One problem is, how would we know whether the AI had modelled human values accurately?  Could the AI explain our value categories and value architecture to us in a way that we would understand? Would its models of our values be intelligible and interpretable? Could it really fold those values into its own decision-making systems in a way that we could trust? Or would we need to give it a lot more feedback through supervision or reinforcement learning, and a lot more tests to make sure its value architecture was both well-modelled and well-aligned with ours?

Why would heterogenous human value types matter to an AI?

To think more clearly about whether we need to pay attention to the heterogeneity of human value types in AI alignment, we could ask, what computational difference would value type heterogeneity really make to the AI system? Why put specific values into categories that correspond to our human value types?

Maybe the AI just needs to know how much importance or weight we attach to each value or preference, and that’s all it needs to make decisions aligned with our preferences, using standard expected utility calculations. Apart from the decision weight attached to the value, why would it matter what type of value it is – e.g. whether the value is a food preference, a religious taboo, a sexual kink, an aesthetic taste, or a career aspiration?

One simple thought experiment is to imagine a working mother trying to teach a new domestic AI system her values and preferences. She makes verbal statements about things she likes and doesn’t like, and the AI listens and learns. She likes chocolate croissants, she likes cobalt blue silk dresses, she likes for her baby to be safe, she likes promotions at work, she likes shibari ropes, she likes criminal justice reform, and she likes going to Mass on Sundays. Now, would it add any useful information if she said – or if the AI inferred – that these ‘likes’ represent different types of values – specifically, a food preference, a fashion preference, a parental safety preference, a career ambition, a sexual kink, a political value, and a religious value?

In other words, would knowing that a specific human preference falls into a particular value type help an AI do more effective learning, generalization, inference, and decision-making? Well, 60 years of cognitive psychology research suggest that doing better learning, generalization, inference, and decision-making is the entire point of putting things into mental categories. Categorization helps computation. Therefore, good categorization of value types should help AI alignment. That’s the general argument for why AI systems should pay attention to value types, and why AI alignment researchers should too.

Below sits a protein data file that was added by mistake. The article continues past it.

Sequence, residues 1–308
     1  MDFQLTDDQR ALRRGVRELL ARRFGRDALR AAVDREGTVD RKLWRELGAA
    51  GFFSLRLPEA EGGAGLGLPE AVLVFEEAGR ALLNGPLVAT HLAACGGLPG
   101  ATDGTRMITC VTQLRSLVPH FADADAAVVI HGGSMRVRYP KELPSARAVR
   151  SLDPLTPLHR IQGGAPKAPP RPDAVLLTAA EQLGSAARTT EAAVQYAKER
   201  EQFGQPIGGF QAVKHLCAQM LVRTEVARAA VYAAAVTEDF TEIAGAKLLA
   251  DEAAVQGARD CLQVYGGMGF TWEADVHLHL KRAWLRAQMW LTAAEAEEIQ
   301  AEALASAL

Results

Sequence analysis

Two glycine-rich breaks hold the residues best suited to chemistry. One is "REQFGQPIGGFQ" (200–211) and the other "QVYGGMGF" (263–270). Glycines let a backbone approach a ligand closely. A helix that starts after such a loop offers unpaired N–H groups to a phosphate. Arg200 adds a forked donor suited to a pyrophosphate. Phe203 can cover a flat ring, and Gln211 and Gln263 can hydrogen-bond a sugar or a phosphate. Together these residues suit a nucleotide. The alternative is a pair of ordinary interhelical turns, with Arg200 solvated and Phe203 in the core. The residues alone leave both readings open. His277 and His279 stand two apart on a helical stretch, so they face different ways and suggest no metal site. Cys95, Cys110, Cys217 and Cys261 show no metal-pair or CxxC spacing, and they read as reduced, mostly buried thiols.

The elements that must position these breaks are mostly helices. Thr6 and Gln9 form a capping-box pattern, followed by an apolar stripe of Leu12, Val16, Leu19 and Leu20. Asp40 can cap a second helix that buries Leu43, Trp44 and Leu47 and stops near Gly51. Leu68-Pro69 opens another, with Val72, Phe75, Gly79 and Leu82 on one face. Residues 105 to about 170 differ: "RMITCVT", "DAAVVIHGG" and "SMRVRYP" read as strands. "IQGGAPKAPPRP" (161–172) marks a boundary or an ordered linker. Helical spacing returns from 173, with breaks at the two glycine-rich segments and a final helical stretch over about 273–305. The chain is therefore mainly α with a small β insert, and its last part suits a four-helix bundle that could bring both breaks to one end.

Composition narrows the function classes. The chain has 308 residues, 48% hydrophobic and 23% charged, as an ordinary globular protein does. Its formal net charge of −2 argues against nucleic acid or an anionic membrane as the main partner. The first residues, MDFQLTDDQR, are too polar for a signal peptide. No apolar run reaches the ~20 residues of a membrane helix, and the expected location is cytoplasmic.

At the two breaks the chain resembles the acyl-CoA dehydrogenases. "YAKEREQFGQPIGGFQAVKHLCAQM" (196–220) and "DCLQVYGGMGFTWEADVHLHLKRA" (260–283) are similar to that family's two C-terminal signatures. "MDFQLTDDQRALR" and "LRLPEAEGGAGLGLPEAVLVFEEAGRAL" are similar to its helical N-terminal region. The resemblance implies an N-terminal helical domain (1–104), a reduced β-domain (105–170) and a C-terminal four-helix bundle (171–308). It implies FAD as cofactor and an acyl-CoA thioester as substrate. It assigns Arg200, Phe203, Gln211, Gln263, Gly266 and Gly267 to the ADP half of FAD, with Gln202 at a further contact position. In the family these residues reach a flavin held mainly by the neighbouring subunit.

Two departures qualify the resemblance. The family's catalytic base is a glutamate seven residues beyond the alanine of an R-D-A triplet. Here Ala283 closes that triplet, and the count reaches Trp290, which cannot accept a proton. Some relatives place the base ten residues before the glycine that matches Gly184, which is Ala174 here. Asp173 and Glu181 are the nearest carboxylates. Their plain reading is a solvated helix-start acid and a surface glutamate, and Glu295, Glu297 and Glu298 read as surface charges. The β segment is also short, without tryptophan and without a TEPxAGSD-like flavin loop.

But that’s pretty vague. Are there any more specific arguments for why AI systems would work better if they understood different value types? Here are a few specific ways that value types differ from each other in ways that AI systems might find computationally relevant. 

Computationally relevant differences across value types

Tradeoffs. People tend to treat some value types (e.g. religious commandments, wedding vows) as ironclad deontological imperatives that are not open to cost/benefit reasoning or tradeoffs, whereas they treat other value types (e.g. Netflix movie choices, hotel preferences) as relatively trivial, transient, and superficial, and fully subject to tradeoffs against other values. If an AI understands the typical degrees of tradeoff flexibility within each value type, it’s likely to be more aligned with human values.

Correlations across value types. Some value types allow stronger inference about other values in other categories. For example, many traditional religions have surprisingly strong food taboos that create bridges between religious values and food preferences – so if the AI knows that someone is an Orthodox Jew or a devout Muslim, it can make inferences about their likely food preferences, but not necessarily about their movie preferences. On the other hand, visual aesthetic preferences (e.g. for Art Nouveau architecture) may not correlate very much with musical preferences (e.g. for Nordic folk metal).  AI systems that understand the architecture of correlations across value types might make more accurately calibrated inferences across specific values. 

Virtue signaling. Some value types tend to involve a high degree of authenticity – a high correlation between stated and revealed preferences, and a low degree of deception, hypocrisy, or virtue signaling. We don’t tend to virtue signal very much about travel logistics, such as whether we prefer a window or an aisle seat on flights, or whether we prefer an ocean or a garden view in hotels. Other value types tend to involve a lot more public signaling of socially rewarded values, but a lot more private hypocrisy. Political and religious virtue-signaling is famously important to humans. AI systems might make better predictions about our values and preferences if they understand the typical degrees, types, and channels of virtue signaling involved in each value type. They might also understand which of our hypocrisies can be quietly noted, but should not be mentioned out loud – lest we feel embarrassed, angry, and outraged at the AI.

Heritability. All values studied so far in behavioral genetics show some degree of heritability. Genetic differences between people within a culture account for some of the phenotypic differences in their values within that culture. Siblings tend to be more similar in their values than cousins do, for partly genetic reasons. But different value types tend to have different heritabilities. If an AI understands this, it can make better generalizations and inferences across relatives about their likely values. If the AI also has access to genomic data for the people it’s interacting with, it could use polygenic scores to infer some of their value types more easily than other value types.